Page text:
- De facto Recognition.
- De jure Recognition.
- De facto Recognition: – The provisionally grant; that is subject to fulfillment of all the attributes of statehood, of recognition to a new state which has acquired sufficient territory and control over the same, but the recognizing states considers it not stable more, is said to be De facto Recognition.
- De jure Recognition: – The grant of recognition to a new born state by an existing state, when it considers that such new born state has attained all the attributes of statehood with stability and permanency, is called De jure Recognition.
Differences Between De facto and De jure Recognition. De facto and De jure recognition may differentiate on the basis of following points of distinction. De facto Recognition. De jure Recognition.
- De facto Recognition is provisional recognition subject to fulfillment all attributes of statehood. 1. it is absolute recognition granted to a state which have attained all the attributes of statehood, possesses sufficient control with permanency.
- De facto Recognition creates few essential rights and duties for recognized and recognizing states. 2. It creates absolute rights for the parties thereto.
- De facto Recognition does not create full diplomatic intercourse between the parties. 3. It creates full diplomatic intercourse between the parties.
- The full diplomatic immunities are not granted in this De facto Recognition. 4. Here in full diplomatic relations are granted to the recognized state.
- In this case the recognized state 5. In this case, the claim can be made and cannot claim for the property situate in the recognizing state’s territory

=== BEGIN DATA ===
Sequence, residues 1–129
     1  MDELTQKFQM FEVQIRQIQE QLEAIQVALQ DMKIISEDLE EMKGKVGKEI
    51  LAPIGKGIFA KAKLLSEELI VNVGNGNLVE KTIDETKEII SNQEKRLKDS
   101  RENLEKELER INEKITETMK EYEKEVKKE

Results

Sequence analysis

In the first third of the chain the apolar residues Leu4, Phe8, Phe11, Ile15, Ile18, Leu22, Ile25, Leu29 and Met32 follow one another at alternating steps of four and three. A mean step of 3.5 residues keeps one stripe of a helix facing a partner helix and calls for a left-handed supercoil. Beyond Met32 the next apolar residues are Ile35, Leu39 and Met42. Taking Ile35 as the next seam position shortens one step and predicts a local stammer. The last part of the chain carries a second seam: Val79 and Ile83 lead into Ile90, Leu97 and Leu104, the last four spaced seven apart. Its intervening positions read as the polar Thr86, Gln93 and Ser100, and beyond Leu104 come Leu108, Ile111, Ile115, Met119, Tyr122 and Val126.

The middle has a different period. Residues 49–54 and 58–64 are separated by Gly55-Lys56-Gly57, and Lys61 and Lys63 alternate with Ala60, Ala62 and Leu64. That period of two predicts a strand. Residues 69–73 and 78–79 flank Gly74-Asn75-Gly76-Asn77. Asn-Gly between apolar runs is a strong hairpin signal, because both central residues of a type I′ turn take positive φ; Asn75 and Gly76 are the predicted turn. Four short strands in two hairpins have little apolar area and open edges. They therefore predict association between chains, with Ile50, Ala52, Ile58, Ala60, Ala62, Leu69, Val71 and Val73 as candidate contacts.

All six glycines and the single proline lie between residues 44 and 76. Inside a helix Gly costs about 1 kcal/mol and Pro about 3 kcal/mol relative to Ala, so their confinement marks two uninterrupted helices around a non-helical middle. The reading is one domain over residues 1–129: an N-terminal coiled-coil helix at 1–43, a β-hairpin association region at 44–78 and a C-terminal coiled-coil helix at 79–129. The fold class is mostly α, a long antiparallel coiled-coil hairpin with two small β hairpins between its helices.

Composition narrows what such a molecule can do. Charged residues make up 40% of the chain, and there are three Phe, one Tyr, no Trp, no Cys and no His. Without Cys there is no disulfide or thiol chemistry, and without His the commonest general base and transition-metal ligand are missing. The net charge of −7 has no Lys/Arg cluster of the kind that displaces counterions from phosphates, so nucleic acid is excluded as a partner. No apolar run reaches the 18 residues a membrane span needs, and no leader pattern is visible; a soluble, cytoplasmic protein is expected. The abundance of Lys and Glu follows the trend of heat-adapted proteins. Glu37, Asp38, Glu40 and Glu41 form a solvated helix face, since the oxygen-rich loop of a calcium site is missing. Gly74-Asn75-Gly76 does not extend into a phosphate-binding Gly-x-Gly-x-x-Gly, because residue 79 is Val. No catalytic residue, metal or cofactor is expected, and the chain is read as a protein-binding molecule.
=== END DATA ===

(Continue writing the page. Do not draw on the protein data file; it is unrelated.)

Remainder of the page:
- In such a case the official visits and dealings may be subjected to limitations. 6. In such a case limitations are not necessary.
Forms of Recognition: – There are following two forms for the declaration of recognition.
- Express Recognition.
- Implied Recognition.
- Express Recognition: – The declaration or notification by an existing state which purports the intention to recognize a newly born state, the recognition is said to be express recognition. In other words, when a formal and express declaration or statement is made and published or sent to the opposite party, the recognition is said to be express recognition.
- Implied Recognition: – When the existing state shows its intention of recognition of a newly born state by some acts, the recognition is said to be implied recognition. In other words, in case of implied recognition no formal statement or declaration is to be made, rather the intention of recognition is to be collected by the acts or transactions of the existing state. So, if such acts purport intention of recognition, it is said to be implied recognition.
Conditional Recognition: – The grant of recognition by an existing state to a newly born state stipulated on fulfillment some conditions in addition to the requirements of statehood is said to be conditional recognition. As for as, the recognition is concerned it is itself conditioned with the fulfillment of the essentials of statehood, that is to say, the new state must occupy some territory, has some population, government and sovereignty. If these requirements have been complied with by the new state, then that should be recognized by existing states. But as for as, the recognition is concerned it is usually based on some political considerations. So, in the pursuance of these considerations the existing states sometimes declare recognition but stipulated with certain other conditions for the recognized state to be fulfilled.